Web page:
Robert D. Lindner Sr. died on Feb. 16 at the age of 101.
Lindner was considered a Pagosa Country local, even though he spent most of his time running his business in Cincinnati.
According to his longtime friend and business associate, J.R. Ford, Lindner was instrumental in building the Red Ryder rodeo arena through his generosity. He also purchased and donated the property where the Ruby M. Sisson Memorial Library is located.
Lindner was the first large donor of Pagosa Springs Medical Center. His generosity funded the PowerHouse Youth Center for years, Ford explained.
Lindner also made sure the newspaper staff at The SUN knew his opinion with regular calls to the management.
In the Pagosa area, Lindner invested in preserving the beauty of the mountains and rivers through his ownership of El Rancho Pinoso, Weminuche Valley Ranch, The Notch Ranch and Piney Creek Ranch. One of his biggest accomplishments was ensuring that the properties would never be developed by preserving them forever with conservation easements.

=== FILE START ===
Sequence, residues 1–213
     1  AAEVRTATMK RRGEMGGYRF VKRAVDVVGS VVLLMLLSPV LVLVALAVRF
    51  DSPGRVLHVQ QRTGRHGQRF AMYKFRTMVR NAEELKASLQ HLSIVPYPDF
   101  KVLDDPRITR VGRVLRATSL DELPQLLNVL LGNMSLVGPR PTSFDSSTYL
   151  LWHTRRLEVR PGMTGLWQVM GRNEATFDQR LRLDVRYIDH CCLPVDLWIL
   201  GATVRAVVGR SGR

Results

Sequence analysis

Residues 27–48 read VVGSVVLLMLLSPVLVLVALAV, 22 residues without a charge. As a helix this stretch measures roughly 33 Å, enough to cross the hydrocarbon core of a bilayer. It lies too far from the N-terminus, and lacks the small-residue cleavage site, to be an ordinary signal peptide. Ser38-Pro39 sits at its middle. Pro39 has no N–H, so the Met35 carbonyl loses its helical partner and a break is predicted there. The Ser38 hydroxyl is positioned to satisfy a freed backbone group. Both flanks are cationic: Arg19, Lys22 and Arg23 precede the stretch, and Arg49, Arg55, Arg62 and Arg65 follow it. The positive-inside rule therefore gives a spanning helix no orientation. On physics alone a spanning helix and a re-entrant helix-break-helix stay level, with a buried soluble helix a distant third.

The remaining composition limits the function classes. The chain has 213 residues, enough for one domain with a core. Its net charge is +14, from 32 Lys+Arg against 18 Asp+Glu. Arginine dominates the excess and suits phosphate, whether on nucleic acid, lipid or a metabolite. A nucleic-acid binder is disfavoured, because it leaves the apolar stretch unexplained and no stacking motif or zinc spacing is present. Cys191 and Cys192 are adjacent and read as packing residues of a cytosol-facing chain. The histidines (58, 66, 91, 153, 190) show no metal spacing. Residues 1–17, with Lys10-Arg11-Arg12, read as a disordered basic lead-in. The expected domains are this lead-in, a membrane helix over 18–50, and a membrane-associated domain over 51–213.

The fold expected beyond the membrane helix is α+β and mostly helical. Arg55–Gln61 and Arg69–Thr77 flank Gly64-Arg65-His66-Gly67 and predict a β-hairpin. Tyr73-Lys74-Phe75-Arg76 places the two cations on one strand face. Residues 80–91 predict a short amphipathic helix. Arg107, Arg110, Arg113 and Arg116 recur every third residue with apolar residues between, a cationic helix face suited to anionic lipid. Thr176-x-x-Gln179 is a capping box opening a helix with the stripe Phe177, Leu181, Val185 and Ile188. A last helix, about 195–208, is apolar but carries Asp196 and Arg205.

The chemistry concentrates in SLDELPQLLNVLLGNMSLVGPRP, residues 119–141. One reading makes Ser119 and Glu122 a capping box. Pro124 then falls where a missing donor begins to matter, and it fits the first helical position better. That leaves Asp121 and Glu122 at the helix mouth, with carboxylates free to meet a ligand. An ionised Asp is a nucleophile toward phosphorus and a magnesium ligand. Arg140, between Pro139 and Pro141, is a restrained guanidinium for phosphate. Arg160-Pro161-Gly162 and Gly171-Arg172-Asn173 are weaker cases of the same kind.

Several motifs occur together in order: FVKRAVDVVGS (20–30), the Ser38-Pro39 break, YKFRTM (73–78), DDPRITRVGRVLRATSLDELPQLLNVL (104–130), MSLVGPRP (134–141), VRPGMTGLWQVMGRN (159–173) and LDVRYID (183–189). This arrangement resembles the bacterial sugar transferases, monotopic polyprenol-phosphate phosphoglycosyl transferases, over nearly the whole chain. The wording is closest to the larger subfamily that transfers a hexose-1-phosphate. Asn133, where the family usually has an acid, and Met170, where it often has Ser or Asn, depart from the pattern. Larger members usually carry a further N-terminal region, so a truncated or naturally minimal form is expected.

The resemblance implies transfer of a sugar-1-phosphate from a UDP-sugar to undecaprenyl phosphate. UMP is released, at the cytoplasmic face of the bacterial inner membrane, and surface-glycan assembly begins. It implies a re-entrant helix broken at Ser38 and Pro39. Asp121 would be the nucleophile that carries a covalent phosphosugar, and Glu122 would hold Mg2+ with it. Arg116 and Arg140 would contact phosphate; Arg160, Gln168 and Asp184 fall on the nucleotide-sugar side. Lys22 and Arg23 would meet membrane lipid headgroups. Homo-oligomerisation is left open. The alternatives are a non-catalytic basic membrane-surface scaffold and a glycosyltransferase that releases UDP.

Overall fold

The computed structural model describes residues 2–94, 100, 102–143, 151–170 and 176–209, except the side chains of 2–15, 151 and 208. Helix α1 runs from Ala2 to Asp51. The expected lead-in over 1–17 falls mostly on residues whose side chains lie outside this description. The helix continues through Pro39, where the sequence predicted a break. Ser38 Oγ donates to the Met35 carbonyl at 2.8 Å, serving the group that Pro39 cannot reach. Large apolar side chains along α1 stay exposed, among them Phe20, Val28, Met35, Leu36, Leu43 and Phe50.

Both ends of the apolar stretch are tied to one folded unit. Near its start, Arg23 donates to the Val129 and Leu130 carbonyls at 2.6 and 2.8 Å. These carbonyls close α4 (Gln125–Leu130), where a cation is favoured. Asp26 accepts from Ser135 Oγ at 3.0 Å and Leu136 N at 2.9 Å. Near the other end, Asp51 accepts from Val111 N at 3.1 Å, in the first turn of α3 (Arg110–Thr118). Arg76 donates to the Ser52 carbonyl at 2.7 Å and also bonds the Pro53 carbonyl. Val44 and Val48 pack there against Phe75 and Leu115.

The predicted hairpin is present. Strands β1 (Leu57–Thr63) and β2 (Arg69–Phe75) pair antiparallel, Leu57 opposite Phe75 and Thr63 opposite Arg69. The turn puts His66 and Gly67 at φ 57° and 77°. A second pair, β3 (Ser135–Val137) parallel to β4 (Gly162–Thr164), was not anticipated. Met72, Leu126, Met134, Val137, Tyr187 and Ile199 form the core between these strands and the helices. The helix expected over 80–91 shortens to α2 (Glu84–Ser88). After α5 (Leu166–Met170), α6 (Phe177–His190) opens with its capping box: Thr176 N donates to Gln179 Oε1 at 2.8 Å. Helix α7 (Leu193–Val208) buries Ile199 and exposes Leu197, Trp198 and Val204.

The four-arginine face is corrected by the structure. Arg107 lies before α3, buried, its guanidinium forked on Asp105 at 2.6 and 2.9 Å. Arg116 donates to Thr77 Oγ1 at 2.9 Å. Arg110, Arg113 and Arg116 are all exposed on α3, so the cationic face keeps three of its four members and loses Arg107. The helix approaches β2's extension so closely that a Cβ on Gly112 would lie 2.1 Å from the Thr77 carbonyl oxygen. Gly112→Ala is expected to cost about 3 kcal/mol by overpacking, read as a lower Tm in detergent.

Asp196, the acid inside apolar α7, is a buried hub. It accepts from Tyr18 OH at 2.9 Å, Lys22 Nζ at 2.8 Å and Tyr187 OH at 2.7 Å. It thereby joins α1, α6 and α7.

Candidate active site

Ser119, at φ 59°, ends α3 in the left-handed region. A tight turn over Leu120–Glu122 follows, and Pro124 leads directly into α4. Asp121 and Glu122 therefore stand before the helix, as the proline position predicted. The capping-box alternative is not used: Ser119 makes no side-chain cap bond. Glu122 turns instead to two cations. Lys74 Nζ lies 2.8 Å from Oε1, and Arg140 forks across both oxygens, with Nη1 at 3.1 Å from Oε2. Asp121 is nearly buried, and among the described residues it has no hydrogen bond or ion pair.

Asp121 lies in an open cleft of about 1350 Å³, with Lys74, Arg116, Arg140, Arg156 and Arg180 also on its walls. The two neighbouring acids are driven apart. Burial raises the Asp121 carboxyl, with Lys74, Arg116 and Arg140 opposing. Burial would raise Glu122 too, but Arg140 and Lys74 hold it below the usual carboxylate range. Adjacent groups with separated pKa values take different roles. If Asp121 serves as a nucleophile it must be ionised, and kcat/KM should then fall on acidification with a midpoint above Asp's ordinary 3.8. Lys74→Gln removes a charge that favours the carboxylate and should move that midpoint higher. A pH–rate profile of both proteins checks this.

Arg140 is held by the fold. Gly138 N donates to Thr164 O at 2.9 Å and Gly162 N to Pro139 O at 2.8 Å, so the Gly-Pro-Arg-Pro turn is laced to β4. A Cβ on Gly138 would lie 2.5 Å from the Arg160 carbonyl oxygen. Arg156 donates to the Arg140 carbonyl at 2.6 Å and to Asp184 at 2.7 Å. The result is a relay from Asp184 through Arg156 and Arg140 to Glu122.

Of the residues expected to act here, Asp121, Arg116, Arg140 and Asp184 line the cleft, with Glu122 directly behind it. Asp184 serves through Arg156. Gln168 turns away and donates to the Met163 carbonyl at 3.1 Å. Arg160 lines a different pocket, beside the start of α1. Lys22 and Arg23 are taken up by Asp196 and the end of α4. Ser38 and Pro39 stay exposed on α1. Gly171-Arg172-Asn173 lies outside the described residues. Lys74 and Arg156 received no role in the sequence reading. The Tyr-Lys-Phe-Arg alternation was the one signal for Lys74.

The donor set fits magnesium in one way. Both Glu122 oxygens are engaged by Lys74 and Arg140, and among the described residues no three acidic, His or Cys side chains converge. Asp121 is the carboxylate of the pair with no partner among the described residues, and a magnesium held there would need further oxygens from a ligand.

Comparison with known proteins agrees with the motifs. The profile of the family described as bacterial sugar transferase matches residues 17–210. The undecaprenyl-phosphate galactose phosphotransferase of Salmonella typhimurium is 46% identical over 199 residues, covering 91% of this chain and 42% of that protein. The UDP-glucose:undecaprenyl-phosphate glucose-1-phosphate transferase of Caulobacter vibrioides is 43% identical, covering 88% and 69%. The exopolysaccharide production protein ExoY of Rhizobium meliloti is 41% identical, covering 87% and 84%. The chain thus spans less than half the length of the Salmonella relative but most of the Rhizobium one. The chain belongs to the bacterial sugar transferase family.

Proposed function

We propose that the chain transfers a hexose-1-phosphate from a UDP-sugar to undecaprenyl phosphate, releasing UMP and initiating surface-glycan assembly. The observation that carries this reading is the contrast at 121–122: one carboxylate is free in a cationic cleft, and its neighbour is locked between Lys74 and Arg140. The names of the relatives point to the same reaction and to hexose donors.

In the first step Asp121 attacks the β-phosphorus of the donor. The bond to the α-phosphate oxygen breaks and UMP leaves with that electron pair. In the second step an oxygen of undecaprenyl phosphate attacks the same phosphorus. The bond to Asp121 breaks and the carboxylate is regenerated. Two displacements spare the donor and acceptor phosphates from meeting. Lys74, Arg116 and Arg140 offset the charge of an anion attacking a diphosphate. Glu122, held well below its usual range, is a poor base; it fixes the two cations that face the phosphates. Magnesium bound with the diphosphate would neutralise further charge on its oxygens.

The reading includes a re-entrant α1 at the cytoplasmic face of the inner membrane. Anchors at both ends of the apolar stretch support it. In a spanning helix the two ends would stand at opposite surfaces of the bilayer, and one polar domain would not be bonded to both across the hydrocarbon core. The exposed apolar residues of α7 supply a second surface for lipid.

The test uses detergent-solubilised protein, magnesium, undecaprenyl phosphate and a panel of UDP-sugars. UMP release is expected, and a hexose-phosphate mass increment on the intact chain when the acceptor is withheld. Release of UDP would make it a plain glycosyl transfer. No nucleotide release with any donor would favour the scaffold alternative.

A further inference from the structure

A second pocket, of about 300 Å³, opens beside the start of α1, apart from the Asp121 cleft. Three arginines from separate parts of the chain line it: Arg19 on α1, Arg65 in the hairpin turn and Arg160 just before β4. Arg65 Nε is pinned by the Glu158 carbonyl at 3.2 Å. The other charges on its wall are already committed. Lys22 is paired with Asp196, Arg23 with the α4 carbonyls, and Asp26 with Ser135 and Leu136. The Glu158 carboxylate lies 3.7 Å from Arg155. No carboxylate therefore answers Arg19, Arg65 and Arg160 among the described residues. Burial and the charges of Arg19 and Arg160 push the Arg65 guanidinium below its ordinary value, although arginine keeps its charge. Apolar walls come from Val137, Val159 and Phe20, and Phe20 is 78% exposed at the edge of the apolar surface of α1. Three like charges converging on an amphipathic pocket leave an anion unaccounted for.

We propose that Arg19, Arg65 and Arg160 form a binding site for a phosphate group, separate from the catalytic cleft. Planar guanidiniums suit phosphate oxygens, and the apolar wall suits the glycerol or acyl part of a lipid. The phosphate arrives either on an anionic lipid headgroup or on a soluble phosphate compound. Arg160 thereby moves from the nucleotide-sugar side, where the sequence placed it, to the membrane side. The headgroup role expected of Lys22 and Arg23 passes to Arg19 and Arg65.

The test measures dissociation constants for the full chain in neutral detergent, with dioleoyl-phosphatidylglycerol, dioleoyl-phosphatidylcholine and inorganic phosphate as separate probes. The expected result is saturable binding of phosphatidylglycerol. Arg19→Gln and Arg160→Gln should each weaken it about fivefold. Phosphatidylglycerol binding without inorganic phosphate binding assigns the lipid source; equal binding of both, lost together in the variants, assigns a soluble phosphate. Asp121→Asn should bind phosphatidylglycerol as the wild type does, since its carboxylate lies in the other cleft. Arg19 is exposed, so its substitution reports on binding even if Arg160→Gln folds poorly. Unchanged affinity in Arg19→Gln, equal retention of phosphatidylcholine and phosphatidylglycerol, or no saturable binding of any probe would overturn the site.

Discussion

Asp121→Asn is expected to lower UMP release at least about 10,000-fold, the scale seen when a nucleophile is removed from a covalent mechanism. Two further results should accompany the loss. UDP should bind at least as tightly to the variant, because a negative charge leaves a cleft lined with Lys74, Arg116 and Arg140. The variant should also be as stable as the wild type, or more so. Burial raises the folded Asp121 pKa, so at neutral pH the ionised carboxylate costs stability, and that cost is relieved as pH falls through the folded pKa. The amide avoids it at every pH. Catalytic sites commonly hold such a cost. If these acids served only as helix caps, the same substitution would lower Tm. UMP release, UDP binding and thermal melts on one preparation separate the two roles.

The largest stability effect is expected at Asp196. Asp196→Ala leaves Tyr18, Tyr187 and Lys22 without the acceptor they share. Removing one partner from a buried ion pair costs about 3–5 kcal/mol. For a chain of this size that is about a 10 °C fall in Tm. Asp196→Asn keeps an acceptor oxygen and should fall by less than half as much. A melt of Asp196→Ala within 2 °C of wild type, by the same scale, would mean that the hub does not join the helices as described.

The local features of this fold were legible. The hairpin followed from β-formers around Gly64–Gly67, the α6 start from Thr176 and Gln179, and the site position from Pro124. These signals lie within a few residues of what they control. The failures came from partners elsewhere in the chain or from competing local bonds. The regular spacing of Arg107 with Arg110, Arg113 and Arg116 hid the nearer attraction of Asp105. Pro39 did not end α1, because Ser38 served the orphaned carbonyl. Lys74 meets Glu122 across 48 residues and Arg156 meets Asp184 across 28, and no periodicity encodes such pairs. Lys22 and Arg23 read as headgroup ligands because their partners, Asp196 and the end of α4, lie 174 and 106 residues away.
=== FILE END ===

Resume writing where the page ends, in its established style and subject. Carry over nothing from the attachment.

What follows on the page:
“I call them my Rembrandts,” he said in a 2010 interview with the Cincinnati Enquirer. “The way they are today is the way they’ll be forever.”
The SUN’s partners at The Enquirer and Cincinnati.com were gracious in sharing Lindner’s life story with local readers.
Robert D. Lindner Sr., who built United Dairy Farmers, dies at age 101
The Enquirer | Cincinnati.com
Robert D. Lindner Sr., who went to work every day into his 90s and helped build United Dairy Farmers (UDF) into a business that combined a regional chain of convenience stores and dairy product manufacturing, died on Feb. 16. He was 101.
“One of his proudest accomplishments was the success of this company,” a statement from UDF said. “He loved everything about UDF; making and eating ice cream, being in the stores and especially the people who made it all happen.”